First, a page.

Top Ten Songs by Rage Against the Machine
There has never been a band like Rage Against the Machine, period. At least no band I have ever heard of. Mixing Hip Hop vocals and rhythms with heavy rock sensibilities, Rage created a potent, in-your-face style of music that sounded amazing, and also had a message. It is the type of music that makes you angry and pumps you up at the same time. Zach de la Rocha’s politically and socially conscious lyrics are laid down so smoothly over the innovative and ingenious guitar riffs of Tom Morello. Rage Against the Machine is one of the few overwhelmingly successful bands of the last decade to make real, powerful, and lasting music.
Upon the release of Rage Against the Machine’s eponymous first album, a critic for Billboard magazine said the following: “On the strength of the album, they must be viewed as one of the most original and virtuosic new rock bands in the nation…”
10) Bombtrack: This song, from Rage Against the Machine’s self-titled first album, Zach comes out swinging against big business and other bands that he finds too commercial. With the line “Land lords and power whores on my people they took turns,” Zach sets himself up as a speaker against exploitation, and the name of the band is given credence. This militant song is one of the most energetic and angry as Zach sings to those in his crosshairs: “Burn, burn, yes you’re gonna burn.”
9) Bulls on Parade: This song from RATM’s second album, Evil Empire, is also a tirade against commerce in general and the business of war. The catchy chorus, the guitar, and the energy make this a great song. Zach de la Rocha does not get enough credit for the poetry and intelligence of his lyrics, perhaps because he raps instead of sings. His words hit hard and are always conscious of the world around him. When he sings, “terror rains drenchin’ / quenchin’ the thirst of the power dons / that five sided fist-a-gon,” it is clear that he is angry about the cycle of politics, war, power, and greed. “I walk the corner to the rubble / that used to be a library / Line up to the mind cemetery.” Zach sings about destruction and manipulation. One of their best songs.
8) Bullet in the Head: A slower song with somewhat oblique lyrics, but you get the point. The guitar is fierce thoughout, and the lyrics follow suit. This one is from the self-titled Rage Against the Machine album. A quick note about Rage: you can’t go wrong with any of their songs because they’re all good. This is a song that may go unnoticed simply because of the depth of great songs Rage made.
7) Freedom: This song, like the first two on this list, starts with Zach (in the tradition of hip hop emcees) rapping about his abilities on the microphone. Once it is established that he is “all live, never on a floppy disk,” and his credibility is ensured, he gets to the heart of the matter-racial prejudice and injustice. The first line, however bleak and angering, is clever (which took me a while to figure out), “It’s set up like a deck of cards / they’re sending us to early graves / for all the diamonds / they’ll use a pair of clubs to beat the spades.” This song has an interesting chorus that leads into a throat-stripping Zach de la Rocha scream: “Freedom, yea right.” The video for this song is also great.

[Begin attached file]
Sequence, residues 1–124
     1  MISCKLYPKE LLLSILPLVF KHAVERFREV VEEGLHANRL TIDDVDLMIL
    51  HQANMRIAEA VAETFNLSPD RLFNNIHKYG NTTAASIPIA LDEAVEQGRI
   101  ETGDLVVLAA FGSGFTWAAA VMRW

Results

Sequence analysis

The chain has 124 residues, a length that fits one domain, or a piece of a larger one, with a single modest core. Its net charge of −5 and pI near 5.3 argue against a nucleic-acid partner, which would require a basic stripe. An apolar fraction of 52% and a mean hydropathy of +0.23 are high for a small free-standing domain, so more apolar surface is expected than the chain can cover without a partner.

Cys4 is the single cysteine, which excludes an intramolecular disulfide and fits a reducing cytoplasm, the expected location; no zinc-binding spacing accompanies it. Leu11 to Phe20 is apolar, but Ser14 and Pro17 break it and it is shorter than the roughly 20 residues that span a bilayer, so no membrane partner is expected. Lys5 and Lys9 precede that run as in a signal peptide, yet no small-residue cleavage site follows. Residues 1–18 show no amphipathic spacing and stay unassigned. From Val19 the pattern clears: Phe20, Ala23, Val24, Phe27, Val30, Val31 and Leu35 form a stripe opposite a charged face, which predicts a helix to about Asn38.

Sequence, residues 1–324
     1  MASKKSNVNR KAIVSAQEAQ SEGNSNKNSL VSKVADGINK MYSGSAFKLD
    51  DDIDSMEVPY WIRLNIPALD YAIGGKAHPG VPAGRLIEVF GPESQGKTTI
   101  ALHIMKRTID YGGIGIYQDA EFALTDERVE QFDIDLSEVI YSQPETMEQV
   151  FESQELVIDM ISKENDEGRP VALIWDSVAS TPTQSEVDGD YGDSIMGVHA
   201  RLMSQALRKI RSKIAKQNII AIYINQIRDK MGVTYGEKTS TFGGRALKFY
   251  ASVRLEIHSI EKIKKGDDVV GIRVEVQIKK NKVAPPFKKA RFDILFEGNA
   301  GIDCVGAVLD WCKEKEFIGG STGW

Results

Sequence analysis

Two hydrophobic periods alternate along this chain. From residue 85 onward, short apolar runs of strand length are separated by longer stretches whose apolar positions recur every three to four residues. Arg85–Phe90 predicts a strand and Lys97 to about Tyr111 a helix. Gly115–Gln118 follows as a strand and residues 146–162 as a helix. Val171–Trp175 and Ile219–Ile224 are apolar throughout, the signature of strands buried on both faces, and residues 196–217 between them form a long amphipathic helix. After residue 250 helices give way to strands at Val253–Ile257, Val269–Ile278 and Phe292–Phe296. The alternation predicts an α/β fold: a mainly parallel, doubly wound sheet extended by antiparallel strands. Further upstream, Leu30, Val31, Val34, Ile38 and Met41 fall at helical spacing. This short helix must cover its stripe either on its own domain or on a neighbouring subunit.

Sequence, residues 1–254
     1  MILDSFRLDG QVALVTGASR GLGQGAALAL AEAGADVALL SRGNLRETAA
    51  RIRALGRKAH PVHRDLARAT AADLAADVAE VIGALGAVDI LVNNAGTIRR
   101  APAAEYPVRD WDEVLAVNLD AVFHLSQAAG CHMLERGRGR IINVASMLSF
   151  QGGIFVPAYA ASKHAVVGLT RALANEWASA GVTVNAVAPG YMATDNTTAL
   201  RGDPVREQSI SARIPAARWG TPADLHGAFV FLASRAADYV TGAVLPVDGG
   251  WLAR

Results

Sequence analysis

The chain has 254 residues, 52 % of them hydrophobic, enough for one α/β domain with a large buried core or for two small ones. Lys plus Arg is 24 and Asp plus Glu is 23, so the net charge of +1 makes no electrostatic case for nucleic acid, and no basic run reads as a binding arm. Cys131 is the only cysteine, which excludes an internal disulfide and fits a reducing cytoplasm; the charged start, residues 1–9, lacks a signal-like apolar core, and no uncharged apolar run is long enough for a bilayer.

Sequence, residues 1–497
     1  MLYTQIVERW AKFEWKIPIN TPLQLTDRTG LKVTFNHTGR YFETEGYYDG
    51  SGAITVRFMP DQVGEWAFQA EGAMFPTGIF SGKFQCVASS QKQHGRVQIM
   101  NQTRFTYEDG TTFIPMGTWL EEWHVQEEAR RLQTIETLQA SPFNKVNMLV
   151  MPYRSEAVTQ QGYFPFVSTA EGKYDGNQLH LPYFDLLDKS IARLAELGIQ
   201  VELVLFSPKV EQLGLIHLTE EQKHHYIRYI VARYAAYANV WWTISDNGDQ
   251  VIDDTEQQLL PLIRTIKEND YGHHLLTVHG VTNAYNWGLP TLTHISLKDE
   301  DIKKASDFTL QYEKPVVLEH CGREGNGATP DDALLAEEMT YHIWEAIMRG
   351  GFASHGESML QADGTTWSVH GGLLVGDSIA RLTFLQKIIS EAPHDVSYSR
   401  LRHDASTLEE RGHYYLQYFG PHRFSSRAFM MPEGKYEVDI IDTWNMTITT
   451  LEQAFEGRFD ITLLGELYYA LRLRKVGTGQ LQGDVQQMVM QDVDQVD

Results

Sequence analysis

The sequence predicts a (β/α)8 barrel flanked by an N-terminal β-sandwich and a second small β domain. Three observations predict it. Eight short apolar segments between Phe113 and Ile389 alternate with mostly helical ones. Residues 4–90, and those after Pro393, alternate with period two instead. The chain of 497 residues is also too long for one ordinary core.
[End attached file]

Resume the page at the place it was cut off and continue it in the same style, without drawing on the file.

6) How I Could Just Kill a Man: This cover of a Cypress Hill song is found on Rage Against the Machine’s (mostly) cover album. It is an homage to a band that inspired Rage’s musical style.
5) The Ghost of Tom Joad: This is a great cover of a Bruce Springsteen song. It is about the character Tom Joad from John Steinbeck’s classic The Grapes of Wrath. Joad is the patron saint of the poor working man, promising to look out for the exploited. A very good cover.
4) People of the Sun: One of Rage’s best songs, this track which opens up Evil Empire deals with social injustice and imperialism. Socially conscious, angry lyrics are carried by Morello’s driving, machine gun guitar.
3) Down Rodeo: This sonically dense track runs headfirst into the topic of racism and ignorance. Zach sings about “rolling down Rodeo with a shotgun” and preaches that “these people ain’t seen a brown skinned man since they’re grandparents bought one” over an interesting texture of sound. The band comes together to make a really solid song.
2) Fistful of Steel: On this song from the first album, the band slows down and Zach’s militant lyrics can be heard clearly over Tom Morello’s lazer-beam guitar. A quick note for those who have never listened to Rage Against the Machine: they’re political and conscious, but the fact is they make great, original music that any music fan can listen to or at least appreciate. That’s what makes Rage Against the Machine one of the best bands of the 1990’s.
1) Killing in the Name: This song was the first hit for the band and catapulted Rage to stardom and commercial success. You have probably heard this song if you’ve been anywhere in the vicinity of a radio turned to a rock station in the past ten years.
It is a shame that Rage Against the Machine broke up, but they left a lasting and visible footprint on rock music. We can still listen to most of the band, with the addition of Chris Cornell as lead singer, in Audioslave. I wonder what Zach’s up to.